Ever since I got my first copy of Harvest Moon (for the GBA), Iâ€™ve had a real thing for farming sims. Sure, the whole â€˜repetitive farm labourâ€™ genre isnâ€™t for everyone (even the Harvest Moon series has brought monster hunting into their later releases, to balance out all that farming), but I canâ€™t help but admire the charm of a game that celebrates the simple joy of planting something and watching it grow.
Family Farm is a new game just released from Iceberg Interactive - you know, the people who published such disparate games as Xeno Clash and the Syberia adventure games from the 90s. While itâ€™s definitely more Farmville than Harvest Moon, it still has enough whimsical charm, and challenge, to keep things interesting (and with no creepy incentives to spend more of your real-world money).
Players can choose from a handful of different stories, in mini-campaigns that have you work towards achieving certain goals, such as to make a certain amount of money or upgrade your house to a particular level, in a set time period. Usually youâ€™ll start out with two farmers, their house, and a large amount of wilderness surrounding them. The farmers (a husband and wife) have certain skills, such as tilling the ground, chopping trees, cooking, or working with animals, which they can improve through using these over time. If the house is at the right upgrade level (essentially, if thereâ€™s room), you can also choose to have a baby, though it will take several seasons before the child is big enough to help out on the farm. In addition to family members, you can hire external help, though doing this every season can become expensive.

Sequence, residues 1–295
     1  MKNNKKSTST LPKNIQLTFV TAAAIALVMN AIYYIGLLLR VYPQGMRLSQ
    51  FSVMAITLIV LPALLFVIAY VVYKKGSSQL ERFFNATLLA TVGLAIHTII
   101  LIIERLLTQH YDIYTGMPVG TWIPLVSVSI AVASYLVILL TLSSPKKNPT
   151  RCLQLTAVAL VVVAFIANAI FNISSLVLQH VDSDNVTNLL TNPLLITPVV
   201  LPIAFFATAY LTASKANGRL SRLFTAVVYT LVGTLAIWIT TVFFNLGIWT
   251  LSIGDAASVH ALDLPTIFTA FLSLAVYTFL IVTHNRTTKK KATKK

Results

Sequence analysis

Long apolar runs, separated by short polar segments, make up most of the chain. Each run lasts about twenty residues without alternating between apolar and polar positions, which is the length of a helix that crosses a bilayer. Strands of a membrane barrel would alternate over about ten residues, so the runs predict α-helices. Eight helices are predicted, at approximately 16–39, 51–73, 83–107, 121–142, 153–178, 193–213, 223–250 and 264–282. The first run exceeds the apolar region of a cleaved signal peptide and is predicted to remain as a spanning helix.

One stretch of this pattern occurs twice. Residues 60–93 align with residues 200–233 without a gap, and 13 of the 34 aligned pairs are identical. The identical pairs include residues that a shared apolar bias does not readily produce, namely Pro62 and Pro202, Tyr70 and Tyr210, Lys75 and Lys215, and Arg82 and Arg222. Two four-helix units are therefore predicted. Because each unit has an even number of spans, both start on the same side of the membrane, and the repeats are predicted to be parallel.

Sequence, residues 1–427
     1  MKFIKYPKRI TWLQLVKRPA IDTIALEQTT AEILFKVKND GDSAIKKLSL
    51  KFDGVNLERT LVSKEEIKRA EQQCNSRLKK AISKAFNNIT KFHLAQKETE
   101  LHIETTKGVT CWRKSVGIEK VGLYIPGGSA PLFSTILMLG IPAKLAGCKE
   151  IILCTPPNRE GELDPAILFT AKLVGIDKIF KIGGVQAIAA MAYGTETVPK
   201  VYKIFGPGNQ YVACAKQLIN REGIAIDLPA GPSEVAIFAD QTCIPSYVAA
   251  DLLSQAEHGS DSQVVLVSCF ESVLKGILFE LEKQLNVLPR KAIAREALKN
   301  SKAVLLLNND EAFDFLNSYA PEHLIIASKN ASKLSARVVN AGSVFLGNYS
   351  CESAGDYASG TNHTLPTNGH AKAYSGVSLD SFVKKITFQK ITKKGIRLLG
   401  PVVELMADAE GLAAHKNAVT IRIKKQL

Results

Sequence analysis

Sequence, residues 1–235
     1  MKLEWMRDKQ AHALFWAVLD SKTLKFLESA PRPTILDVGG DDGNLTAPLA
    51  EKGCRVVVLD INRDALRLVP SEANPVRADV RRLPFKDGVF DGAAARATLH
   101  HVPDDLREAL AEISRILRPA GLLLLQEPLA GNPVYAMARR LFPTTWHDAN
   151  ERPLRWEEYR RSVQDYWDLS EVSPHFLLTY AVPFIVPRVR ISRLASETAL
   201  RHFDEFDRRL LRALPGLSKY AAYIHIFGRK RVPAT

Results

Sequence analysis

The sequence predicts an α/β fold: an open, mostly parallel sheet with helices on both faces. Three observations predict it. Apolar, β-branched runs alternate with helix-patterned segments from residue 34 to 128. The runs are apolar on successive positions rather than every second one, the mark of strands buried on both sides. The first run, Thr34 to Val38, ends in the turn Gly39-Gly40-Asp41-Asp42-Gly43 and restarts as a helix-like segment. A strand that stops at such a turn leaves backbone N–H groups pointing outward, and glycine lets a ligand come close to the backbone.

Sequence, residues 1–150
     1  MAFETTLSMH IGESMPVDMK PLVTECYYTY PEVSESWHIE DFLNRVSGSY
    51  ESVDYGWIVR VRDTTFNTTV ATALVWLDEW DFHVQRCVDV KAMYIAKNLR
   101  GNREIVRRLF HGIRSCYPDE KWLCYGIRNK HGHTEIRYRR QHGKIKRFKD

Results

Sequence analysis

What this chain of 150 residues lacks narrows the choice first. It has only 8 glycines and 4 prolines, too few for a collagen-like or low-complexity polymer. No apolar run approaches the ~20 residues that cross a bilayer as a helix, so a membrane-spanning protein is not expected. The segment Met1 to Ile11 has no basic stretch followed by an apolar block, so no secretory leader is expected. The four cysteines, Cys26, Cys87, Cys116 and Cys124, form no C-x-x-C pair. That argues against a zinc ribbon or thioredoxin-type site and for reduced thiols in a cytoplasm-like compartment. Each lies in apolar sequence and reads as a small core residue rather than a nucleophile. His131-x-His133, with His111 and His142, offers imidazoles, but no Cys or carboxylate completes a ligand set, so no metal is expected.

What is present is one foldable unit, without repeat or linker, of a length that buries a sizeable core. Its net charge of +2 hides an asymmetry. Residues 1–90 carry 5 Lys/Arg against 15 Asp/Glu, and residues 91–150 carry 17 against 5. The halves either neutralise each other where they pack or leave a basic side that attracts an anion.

As your family and hired workers spend the day slogging away on the farm (everything happens in real time, which means youâ€™ll need to manage things well), youâ€™ll need to keep an eye on them to make sure they arenâ€™t too tired or hungry - otherwise theyâ€™ll take a break and refuse to do anything else until you feed them or let them recover from all that hard work.
On the kitchen front, thereâ€™s a massive menu of different, unlockable, meals that you can cook for your workers: everything from bacon and eggs, to roast beef. Different meals have different cooking costs, but they also have different effects on your workers too. Spinach, for example, gives a strength boost! Itâ€™s worth pointing out that your workers need to cook the food themselves, and balancing the number you send off to the mess hall, versus the number you keep working in the fields, takes a bit of strategy to get right.
In terms of the farm itself, there are a lot of different ways you can make your living. You may decide to focus on planting plots of veggies, large fields of crops such as grain, sunflowers, or lavender, or perhaps an orchard is more your thing. There are also loads of different bird options, as well as sheep, horses and cows (which you can breed, and then sell for some pretty big bucks).
Family Farm has a nice polished feel to it as well, with cute artwork, and a lovely rustic soundtrack (though hovering over the animal pens for too long isnâ€™t recommended, as the sound runs on a fairly short loop). For a â€˜casualâ€™ game there was certainly enough to keep me playing for days on end. Recommended as a light option thatâ€™s suitable for all family members.